I need a what?

No Plot? No Problem! by Chris Baty

As many of you know, writers during November fall into two categories – Pantsers (those who don’t use outlines) and Plotters (those who do).  Pantsers create wonderful manuscripts starting with nothing more than an idea and some characters.  We discussed characters last week, so this week’s blog is dedicated to the Plotters.

It’s true that novelist Chris Baty says a plot isn’t necessary for a first draft, however it makes moving the story along in the direction you want much easier.  We’ve listed below three ways to plot your story.

I.  Plot in 3 Acts
Similar to what we all learned in school, creating an outline helps keep your story on track – unless your characters hijack it, but we won’t talk about that right now. This is a big picture method of outlining.

  1. Act One – the Setup: wherein you introduce your MC (main character), chase her up a tree, she gets down but has to pay for the damage to the tree (first inciting incident).
  2. Act Two – the Confrontation: wherein your MC discovers the only way to pay for the damage is to borrow from a loan shark who also happens to own the tree and demands full payment in three days, discouraged your MC bemoans her fate at a coffee shop and friends a budding lawyer barista there.
  3. Act Three – the Resolution: wherein your clever and resourceful MC & her friend discover the tree was on city property, thus she isn’t responsible for the damage and is able to payback the loan shark.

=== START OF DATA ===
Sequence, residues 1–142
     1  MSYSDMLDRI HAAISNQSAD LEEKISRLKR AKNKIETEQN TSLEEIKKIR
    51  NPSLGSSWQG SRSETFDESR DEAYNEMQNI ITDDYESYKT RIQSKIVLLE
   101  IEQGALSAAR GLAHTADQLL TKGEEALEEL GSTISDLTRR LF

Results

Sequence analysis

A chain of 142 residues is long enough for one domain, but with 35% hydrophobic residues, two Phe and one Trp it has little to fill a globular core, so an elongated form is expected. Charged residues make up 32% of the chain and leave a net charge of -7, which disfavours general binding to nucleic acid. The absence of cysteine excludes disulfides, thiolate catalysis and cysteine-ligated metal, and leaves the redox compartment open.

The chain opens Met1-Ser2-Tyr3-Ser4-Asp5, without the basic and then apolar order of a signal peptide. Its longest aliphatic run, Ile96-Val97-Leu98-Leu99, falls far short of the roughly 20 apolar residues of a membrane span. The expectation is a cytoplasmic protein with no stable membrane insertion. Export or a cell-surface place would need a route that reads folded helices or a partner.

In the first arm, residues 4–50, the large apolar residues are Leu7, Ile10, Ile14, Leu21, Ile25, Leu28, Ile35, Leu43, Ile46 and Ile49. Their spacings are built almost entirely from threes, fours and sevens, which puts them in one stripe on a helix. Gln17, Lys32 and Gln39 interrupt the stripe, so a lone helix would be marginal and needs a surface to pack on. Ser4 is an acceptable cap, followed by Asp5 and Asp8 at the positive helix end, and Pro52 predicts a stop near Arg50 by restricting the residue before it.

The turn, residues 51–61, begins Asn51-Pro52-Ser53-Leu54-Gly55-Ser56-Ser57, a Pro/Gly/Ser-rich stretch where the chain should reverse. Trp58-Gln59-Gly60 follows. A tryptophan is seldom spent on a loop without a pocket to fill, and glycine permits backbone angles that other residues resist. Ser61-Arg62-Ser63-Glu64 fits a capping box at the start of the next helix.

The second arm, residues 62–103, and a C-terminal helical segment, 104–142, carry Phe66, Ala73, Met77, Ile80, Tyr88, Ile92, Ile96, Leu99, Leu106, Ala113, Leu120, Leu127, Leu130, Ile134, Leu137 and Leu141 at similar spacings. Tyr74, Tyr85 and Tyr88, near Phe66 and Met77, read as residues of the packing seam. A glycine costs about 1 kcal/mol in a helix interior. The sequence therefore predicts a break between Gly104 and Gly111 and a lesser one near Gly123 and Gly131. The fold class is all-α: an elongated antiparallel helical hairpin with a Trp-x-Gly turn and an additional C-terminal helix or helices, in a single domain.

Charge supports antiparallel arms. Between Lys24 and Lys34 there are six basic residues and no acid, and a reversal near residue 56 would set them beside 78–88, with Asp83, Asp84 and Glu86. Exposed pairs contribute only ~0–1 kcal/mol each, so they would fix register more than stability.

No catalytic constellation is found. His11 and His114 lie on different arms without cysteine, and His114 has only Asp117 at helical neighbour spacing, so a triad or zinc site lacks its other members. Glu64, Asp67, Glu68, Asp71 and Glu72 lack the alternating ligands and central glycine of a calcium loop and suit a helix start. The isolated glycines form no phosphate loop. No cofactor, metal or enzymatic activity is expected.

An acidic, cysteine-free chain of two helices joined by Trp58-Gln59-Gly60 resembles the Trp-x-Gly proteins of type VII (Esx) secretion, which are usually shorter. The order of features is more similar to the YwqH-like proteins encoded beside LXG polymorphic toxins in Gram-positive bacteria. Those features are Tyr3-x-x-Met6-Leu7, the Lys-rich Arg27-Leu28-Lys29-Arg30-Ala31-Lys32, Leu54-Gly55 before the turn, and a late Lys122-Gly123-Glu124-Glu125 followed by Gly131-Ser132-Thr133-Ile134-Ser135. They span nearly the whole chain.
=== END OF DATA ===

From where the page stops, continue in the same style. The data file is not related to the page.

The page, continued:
II.  Mountain of Setbacks
Very similar to the Three Act Plot, the process described in “Ready, Set, Novel!” uses setbacks for your MC, lots and lots of setbacks. This method allows for longer plotting.

  1. Construct the canon – figure out what your MC wants most in the whole world (story).
  2. Build the mountain –  take away what your MC wants and place lots and lots of obstacles in her way.
  3. Light the fuse –  create an igniting incident to get your MC moving up that mountain. (Introduce your villain!)
  4. Plot the problems – arrange the obstacles on the mountain from least to worst-case-scenario.
  5. Meet her on the other side – your MC will have changed from her challenging experiences. If not, make better mountains.

III.  The Snowflake Method
This method, designed by Randy Ingermason, is available here.  It is best used by serious outliners and plotters and takes a few weeks to complete. The basics are:

  1. Write a one sentence summary of your story.
  2. Expand that sentence to a full paragraph including setup, disasters and ending.
  3. Write a one page summary for each MC including motivation, goals, conflicts and epiphanies.
  4. Expand each sentence of the summary paragraph (#2) to a full paragraph. Each paragraph except the last should end in a disaster.
  5. Tell the story from the viewpoint of each MC, expanding each character’s summary paragraph (#3) into a full page.
  6. Expand each paragraph from #4 into a full page synopsis.
  7. Expand your character synopsis from #5 into a full-fledged character chart, adding details.
  8. Make a list of all the scenes you’ll need for each page from #6 to write the story. Spreadsheets work best, sticky notes are acceptable.
  9. Write your  story.

What method will you use to plot your novel and why? Tell us in the comments below.

About jaycegrae

A writer, learning.

3 thoughts on “I need a what?

  1. I think I might start with a very loose construction of the Three Act model. It might end up like a three-legged chair, but maybe trying to balance will tone my abs?

  2. I use the method in Plot vs Character, where you map out your characters thoroughly, then map out the plot.

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